The 5 Most Disturbing Moments From the NFL’s Secret Greg Hardy Hearing

This story just keeps getting worse

Last March, the NFL held a closed door meeting with current Dallas Cowboys defensive end Greg Hardy to determine when he would be allowed to play football again. At the time, he was on the Commissioner’s Exempt List following a July 2014 conviction for domestic violence after choking his ex-girlfriend and throwing her onto a futon covered in assault rifles.

The meeting resulted in Hardy’s reinstatement after serving a suspension of 10 games, which was later reduced to four. What exactly was said at that meeting — that is, what verbal gymnastics convinced the NFL to ignore the damning evidence that led to Hardy’s conviction in the first place — was a mystery  until Wednesday, when Deadspin released the 126-age transcript as a part of the ongoing journalistic ass-kicking the sports website’s been delivering to Hardy, the Cowboys and the NFL.

The transcript is full of the kind of rank bullshit that is often shoveled around during domestic violence cases, including a particularly galling circus trick where Hardy’s lawyers try to paint Hardy as the victim, despite graphic photos proving otherwise. Here are five things that most disturbed us. 

1. Greg Hardy was the *real* victim here. Hardy’s lawyer argued that when Nicole Holder, the woman who Hardy beat up, ran from police upon their arrival at Hardy’s home, she was displaying “consciousness of guilt.” He claimed she had previously been “punching, kicking, scratching, [and] hitting” Hardy. Unfortunately for them, his conviction in a court of law totally conflicts with this story, as does the preponderance of evidence documenting Holder’s injuries.

2. An excuse straight out of a Lifetime movie. At the hearing Hardy’s lawyer said Holder sustained the bruising all over her body after “falling” into bath tub. His support for this theory includes his own investigation that involved walking through the same bathroom and clipping his heel on a scale. There you have it, he argued, proof that someone could fall into a bath tub and emerge looking like they’re been splattered in bruise-colored paint. This is right up there with “she fell down some stairs” and “she walked into a door.”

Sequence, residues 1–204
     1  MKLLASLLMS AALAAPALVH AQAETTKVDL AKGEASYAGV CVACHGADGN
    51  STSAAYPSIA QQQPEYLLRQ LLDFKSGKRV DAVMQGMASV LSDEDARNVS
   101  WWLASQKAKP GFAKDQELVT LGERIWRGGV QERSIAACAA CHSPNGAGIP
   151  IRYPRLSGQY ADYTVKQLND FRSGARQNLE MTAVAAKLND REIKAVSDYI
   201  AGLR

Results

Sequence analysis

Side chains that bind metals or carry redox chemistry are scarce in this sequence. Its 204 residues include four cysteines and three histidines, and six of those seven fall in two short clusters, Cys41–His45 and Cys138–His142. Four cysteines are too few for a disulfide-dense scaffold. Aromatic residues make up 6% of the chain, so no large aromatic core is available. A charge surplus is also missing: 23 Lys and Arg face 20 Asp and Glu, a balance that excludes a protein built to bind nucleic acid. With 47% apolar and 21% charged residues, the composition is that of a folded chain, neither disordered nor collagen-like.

3. The slut-shaming. Hardy’s lawyer claimed at the hearing that Holder was infatuated with the defensive end and wanted to constantly blow him. This, he suggests, impugns her creditability. It shows that she’s somehow unstable, obsessed and given, apparently, toward abusing Hardy and then claiming to be the victim herself.

4. The lack of incredulity. The worst part of the fantasy version of events presented by Hardy’s lawyer is that it was almost completely absorbed by the four NFL officials present at the hearing, none of whom went out of their way to probe Hardy’s story with, say, court records or other legal evidence. This is particularly hard to believe when you consider how much Hardy’s version of events differed from the one presented in court. You know, the version of events that led to his conviction.

5. Blatant disregard for the truth. This isn’t a reference to the events that happened between Hardy and Holder, but to something more easily proven. At one point in the conversation between lawyers, Hardy’s representative from the NFL Player’s Association acts like she’s unaware of the civil settlement between Hardy and Holder. A civil settlement that had been reported in the media and acknowledged by the DA. In this hearing, facts simply don’t matter. It’s a weird moment that encapsulates the strategy of Hardy’s team: Say anything to get the man back on the field. 

Photos by Jamie Squire / Getty Images